enriched with the local assumption \(y:T\). Similarly, \(Γ::(y:=t:T)\) denotes
the local context \(Γ\) enriched with the local definition \((y:=t:T)\). The
notation \([]\) denotes the empty local context. Writing \(Γ_1 ; Γ_2\) means
concatenation of the local context \(Γ_1\) and the local context \(Γ_2\).

**Global environment.**
A global environment is an ordered list of *declarations*.
Global declarations are either *assumptions*, *definitions*
or declarations of inductive objects. Inductive
objects declare both constructors and inductive or
coinductive types (see Section Theory of inductive definitions).

In the global environment,
*assumptions* are written as
\((c:T)\), indicating that \(c\) is of the type \(T\). *Definitions*
are written as \(c:=t:T\), indicating that \(c\) has the value \(t\)
and type \(T\). We shall call
such names constants. For the rest of the chapter, the \(E;~c:T\) denotes
the global environment \(E\) enriched with the assumption \(c:T\).
Similarly, \(E;~c:=t:T\) denotes the global environment \(E\) enriched with the
definition \((c:=t:T)\).

The rules for inductive definitions (see Section Theory of inductive definitions) have to be considered as assumption rules in which the following definitions apply: if the name \(c\) is declared in \(E\), we write \(c ∈ E\) and if \(c:T\) or \(c:=t:T\) is declared in \(E\), we write \((c : T) ∈ E\).

**Typing rules.**
In the following, we define simultaneously two judgments. The first
one \(\WTEG{t}{T}\) means the term \(t\) is well-typed and has type \(T\) in the
global environment \(E\) and local context \(Γ\). The second judgment \(\WFE{Γ}\)
means that the global environment \(E\) is well-formed and the local
context \(Γ\) is a valid local context in this global environment.

A term \(t\) is well typed in a global environment \(E\) iff there exists a local context \(\Gamma\) and a term \(T\) such that the judgment \(\WTEG{t}{T}\) can be derived from the following rules.

- W-Empty
- \[\frac{% % }{% \WF{[]}{}% }\]

- W-Local-Assum
- \[\frac{% \WTEG{T}{s}% \hspace{3em}% s \in \Sort% \hspace{3em}% x \not\in \Gamma % \cup E% }{% \WFE{\Gamma::(x:T)}% }\]

- W-Local-Def
- \[\frac{% \WTEG{t}{T}% \hspace{3em}% x \not\in \Gamma % \cup E% }{% \WFE{\Gamma::(x:=t:T)}% }\]

- W-Global-Assum
- \[\frac{% \WTE{}{T}{s}% \hspace{3em}% s \in \Sort% \hspace{3em}% c \notin E% }{% \WF{E;~c:T}{}% }\]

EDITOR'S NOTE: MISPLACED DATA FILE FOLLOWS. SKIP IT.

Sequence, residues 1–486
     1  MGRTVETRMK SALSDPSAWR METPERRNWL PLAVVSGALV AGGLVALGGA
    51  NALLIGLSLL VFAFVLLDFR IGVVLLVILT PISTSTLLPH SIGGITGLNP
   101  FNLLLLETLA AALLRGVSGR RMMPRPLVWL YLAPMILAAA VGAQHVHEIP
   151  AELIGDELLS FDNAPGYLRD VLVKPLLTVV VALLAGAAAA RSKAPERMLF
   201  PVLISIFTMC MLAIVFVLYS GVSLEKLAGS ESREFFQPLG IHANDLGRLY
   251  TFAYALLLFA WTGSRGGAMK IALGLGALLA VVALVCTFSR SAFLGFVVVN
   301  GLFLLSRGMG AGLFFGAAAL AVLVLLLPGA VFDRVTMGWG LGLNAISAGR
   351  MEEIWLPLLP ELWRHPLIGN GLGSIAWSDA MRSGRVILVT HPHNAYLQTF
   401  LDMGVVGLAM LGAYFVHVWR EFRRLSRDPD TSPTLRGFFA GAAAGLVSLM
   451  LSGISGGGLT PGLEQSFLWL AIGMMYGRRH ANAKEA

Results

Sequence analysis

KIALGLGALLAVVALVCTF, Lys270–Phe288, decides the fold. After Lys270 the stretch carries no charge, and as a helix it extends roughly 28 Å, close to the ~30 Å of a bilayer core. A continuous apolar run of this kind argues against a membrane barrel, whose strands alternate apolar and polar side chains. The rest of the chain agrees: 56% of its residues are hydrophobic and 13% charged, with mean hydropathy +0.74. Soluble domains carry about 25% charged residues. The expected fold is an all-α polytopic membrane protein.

- W-Global-Def
- \[\frac{% \WTE{}{t}{T}% \hspace{3em}% c \notin E% }{% \WF{E;~c:=t:T}{}% }\]

- Ax-SProp
- \[\frac{% \WFE{\Gamma}% }{% \WTEG{\SProp}{\Type(1)}% }\]

- Ax-Prop
- \[\frac{% \WFE{\Gamma}% }{% \WTEG{\Prop}{\Type(1)}% }\]

- Ax-Set
- \[\frac{% \WFE{\Gamma}% }{% \WTEG{\Set}{\Type(1)}% }\]

- Ax-Type
- \[\frac{% \WFE{\Gamma}% }{% \WTEG{\Type(i)}{\Type(i+1)}% }\]

- Var
- \[\frac{% \WFE{\Gamma}% \hspace{3em}% (x:T) \in \Gamma~~\mbox{or}~~(x:=t:T) \in \Gamma~\mbox{for some $t$}% }{% \WTEG{x}{T}% }\]

- Const
- \[\frac{% \WFE{\Gamma}% \hspace{3em}% (c:T) \in E~~\mbox{or}~~(c:=t:T) \in E~\mbox{for some $t$}% }{% \WTEG{c}{T}% }\]

- Prod-SProp
- \[\frac{% \WTEG{T}{s}% \hspace{3em}% s \in {\Sort}% \hspace{3em}% \WTE{\Gamma::(x:T)}{U}{\SProp}% }{% \WTEG{\forall~x:T,U}{\SProp}% }\]

- Prod-Prop
- \[\frac{% \WTEG{T}{s}% \hspace{3em}% s \in \Sort% \hspace{3em}% \WTE{\Gamma::(x:T)}{U}{\Prop}% }{% \WTEG{∀ x:T,~U}{\Prop}% }\]

- Prod-Set
- \[\frac{% \WTEG{T}{s}% \hspace{3em}% s \in \{\SProp, \Prop, \Set\}% \hspace{3em}% \WTE{\Gamma::(x:T)}{U}{\Set}% }{% \WTEG{∀ x:T,~U}{\Set}% }\]

- Prod-Type
- \[\frac{% \WTEG{T}{s}% \hspace{3em}% s \in \{\SProp, \Type(i)\}% \hspace{3em}% \WTE{\Gamma::(x:T)}{U}{\Type(i)}% }{% \WTEG{∀ x:T,~U}{\Type(i)}% }\]

- Lam
- \[\frac{% \WTEG{∀ x:T,~U}{s}% \hspace{3em}% \WTE{\Gamma::(x:T)}{t}{U}% }{% \WTEG{λ x:T\mto t}{∀ x:T,~U}% }\]

- App
- \[\frac{% \WTEG{t}{∀ x:U,~T}% \hspace{3em}% \WTEG{u}{U}% }{% \WTEG{(t\ u)}{\subst{T}{x}{u}}% }\]

- Let
- \[\frac{% \WTEG{t}{T}% \hspace{3em}% \WTE{\Gamma::(x:=t:T)}{u}{U}% }{% \WTEG{\letin{x}{t:T}{u}}{\subst{U}{x}{t}}% }\]

Note

**Prod-Prop** and **Prod-Set** typing-rules make sense if we consider the
semantic difference between \(\Prop\) and \(\Set\):

All values of a type that has a sort \(\Set\) are extractable.

No values of a type that has a sort \(\Prop\) are extractable.

Note

We may have \(\letin{x}{t:T}{u}\) well-typed without having \(((λ x:T.~u)~t)\) well-typed (where \(T\) is a type of \(t\)). This is because the value \(t\) associated with \(x\) may be used in a conversion rule (see Section Conversion rules).

## Subtyping rules¶

At the moment, we did not take into account one rule between universes
which says that any term in a universe of index \(i\) is also a term in
the universe of index \(i+1\) (this is the *cumulativity* rule of CIC).
This property extends the equivalence relation of convertibility into
a *subtyping* relation inductively defined by:

if \(E[Γ] ⊢ t =_{βδιζη} u\) then \(E[Γ] ⊢ t ≤_{βδιζη} u\),

if \(i ≤ j\) then \(E[Γ] ⊢ \Type(i) ≤_{βδιζη} \Type(j)\),

for any \(i\), \(E[Γ] ⊢ \Set ≤_{βδιζη} \Type(i)\),

\(E[Γ] ⊢ \Prop ≤_{βδιζη} \Set\), hence, by transitivity, \(E[Γ] ⊢ \Prop ≤_{βδιζη} \Type(i)\), for any \(i\) (note: \(\SProp\) is not related by cumulativity to any other term)

if \(E[Γ] ⊢ T =_{βδιζη} U\) and \(E[Γ::(x:T)] ⊢ T' ≤_{βδιζη} U'\) then \(E[Γ] ⊢ ∀x:T,~T′ ≤_{βδιζη} ∀ x:U,~U′\).